There has been some hue and cry in the twitterati, facebooking and bloggy circles about a billion rupee monument being build to Benazir somewhere or the other, but they missed out on the multi-billion signage being put up everywhere else!
The newest saga in the ongoing tragedy which is the Islamic Republic of Pakistan is much better reported elsewhere, but within that reportage, a few things which stood out:
Burqas, chadors, hijabs and baggy shalwars aren’t conducive to survival in a flood or while wading through the aftermath of a mudslide.
The common citizen has spent his or her entire life with no help from the government, yet for some reason expect the government to morph into a all beneveloent government during crisis and behave effectively. There is tragedy all around, but so many people seem to be just waiting for someone else to do something. Which isn’t to bellittle the many heroes all around, but their seems to be a sense of entitlement which has no basis in reality or recent history.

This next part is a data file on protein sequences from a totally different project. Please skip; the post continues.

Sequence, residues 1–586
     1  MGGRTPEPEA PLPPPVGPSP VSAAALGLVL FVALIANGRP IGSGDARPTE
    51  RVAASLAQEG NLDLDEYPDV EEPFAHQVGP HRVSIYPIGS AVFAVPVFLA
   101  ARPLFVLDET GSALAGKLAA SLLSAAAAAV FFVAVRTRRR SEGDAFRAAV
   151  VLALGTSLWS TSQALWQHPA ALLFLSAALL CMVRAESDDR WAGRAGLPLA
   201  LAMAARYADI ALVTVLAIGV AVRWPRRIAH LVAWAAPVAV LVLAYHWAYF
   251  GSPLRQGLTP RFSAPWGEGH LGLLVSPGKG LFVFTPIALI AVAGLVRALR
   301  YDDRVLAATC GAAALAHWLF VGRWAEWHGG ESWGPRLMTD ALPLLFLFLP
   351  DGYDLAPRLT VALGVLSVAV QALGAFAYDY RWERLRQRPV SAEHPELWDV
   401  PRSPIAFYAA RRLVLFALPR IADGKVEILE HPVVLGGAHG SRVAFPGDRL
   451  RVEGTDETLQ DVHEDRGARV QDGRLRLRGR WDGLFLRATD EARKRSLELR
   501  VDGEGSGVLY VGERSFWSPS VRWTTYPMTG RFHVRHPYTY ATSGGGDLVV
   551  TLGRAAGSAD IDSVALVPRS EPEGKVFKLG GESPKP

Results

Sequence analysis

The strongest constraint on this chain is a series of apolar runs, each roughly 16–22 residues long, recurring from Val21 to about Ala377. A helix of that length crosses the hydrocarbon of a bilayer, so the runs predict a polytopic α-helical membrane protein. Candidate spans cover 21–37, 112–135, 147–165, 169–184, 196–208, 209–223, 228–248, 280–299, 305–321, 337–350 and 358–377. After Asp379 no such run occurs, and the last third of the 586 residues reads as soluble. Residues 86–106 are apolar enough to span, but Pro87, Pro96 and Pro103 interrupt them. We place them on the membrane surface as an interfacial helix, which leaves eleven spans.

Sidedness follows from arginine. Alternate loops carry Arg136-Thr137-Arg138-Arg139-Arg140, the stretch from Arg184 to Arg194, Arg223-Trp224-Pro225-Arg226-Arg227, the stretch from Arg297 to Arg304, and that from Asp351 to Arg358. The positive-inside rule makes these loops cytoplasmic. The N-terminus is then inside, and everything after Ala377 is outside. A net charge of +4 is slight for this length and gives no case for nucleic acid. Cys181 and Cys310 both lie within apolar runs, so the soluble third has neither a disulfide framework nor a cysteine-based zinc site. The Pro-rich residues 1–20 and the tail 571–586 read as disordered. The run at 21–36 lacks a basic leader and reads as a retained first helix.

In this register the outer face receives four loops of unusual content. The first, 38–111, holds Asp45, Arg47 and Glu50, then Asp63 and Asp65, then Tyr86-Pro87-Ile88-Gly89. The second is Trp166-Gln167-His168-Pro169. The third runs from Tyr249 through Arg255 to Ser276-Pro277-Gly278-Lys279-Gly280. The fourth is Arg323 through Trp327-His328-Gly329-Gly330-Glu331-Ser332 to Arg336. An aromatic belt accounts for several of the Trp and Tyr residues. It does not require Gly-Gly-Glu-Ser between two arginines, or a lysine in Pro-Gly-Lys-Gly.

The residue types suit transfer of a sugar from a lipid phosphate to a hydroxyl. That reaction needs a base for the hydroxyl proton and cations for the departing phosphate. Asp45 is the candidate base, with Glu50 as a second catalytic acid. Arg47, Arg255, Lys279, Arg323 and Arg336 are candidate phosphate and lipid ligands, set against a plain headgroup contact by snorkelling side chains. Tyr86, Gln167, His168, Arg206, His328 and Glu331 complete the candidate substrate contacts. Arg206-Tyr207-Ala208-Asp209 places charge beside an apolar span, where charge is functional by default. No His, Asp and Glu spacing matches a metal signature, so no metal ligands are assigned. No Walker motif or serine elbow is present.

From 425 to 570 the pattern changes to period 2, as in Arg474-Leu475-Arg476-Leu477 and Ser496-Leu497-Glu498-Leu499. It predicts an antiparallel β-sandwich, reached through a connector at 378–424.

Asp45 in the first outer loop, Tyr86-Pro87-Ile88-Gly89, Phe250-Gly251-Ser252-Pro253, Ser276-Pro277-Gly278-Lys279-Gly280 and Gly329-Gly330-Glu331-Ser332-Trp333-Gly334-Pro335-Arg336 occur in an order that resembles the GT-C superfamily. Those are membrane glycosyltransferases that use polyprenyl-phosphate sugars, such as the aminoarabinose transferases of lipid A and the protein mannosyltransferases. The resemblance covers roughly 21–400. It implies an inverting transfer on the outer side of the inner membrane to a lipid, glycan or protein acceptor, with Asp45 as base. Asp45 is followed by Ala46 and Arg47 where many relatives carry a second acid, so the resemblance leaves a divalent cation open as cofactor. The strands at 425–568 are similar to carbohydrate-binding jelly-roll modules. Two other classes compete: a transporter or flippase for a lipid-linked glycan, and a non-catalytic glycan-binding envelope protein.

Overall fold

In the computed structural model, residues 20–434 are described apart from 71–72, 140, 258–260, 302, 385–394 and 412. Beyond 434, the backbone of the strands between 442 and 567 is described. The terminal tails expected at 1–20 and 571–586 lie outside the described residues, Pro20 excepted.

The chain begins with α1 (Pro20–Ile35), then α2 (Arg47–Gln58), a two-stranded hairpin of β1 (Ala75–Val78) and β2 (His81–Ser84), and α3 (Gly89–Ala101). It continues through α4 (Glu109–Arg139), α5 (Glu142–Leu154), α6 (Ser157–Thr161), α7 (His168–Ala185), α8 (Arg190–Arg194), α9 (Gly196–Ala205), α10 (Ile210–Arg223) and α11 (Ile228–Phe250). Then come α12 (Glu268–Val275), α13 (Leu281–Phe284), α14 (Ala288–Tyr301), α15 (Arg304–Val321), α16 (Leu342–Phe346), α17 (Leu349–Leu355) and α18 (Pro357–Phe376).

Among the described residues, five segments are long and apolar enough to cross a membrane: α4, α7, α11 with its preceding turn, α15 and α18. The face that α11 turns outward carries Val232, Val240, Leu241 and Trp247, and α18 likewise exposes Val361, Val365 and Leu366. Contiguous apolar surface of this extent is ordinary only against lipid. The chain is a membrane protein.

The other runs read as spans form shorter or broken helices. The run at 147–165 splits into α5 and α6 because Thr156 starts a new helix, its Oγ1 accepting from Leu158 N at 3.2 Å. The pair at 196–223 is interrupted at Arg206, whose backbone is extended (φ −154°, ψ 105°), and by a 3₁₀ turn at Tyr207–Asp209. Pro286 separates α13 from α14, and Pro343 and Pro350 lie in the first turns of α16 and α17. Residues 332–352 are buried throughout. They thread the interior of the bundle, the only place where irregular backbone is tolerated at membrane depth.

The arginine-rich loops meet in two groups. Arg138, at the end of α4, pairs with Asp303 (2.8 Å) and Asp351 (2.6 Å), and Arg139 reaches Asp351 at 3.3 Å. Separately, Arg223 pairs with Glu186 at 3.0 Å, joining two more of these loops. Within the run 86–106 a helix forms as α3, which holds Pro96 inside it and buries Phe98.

The moving image is so much more powerful than print to convey the unfolding tragedy yet the majority of the talking heads, the editorial people and a bunch of others working for the TV media need to be fired, right away. Journalism isn’t entertainment, though it might entertain at times, and it certainly isn’t about vaccous half formed opinions. The print media, though not much better at least isn’t standing around mouths agape trying to cover up the silence within with a machine gun rapid fire of drivel.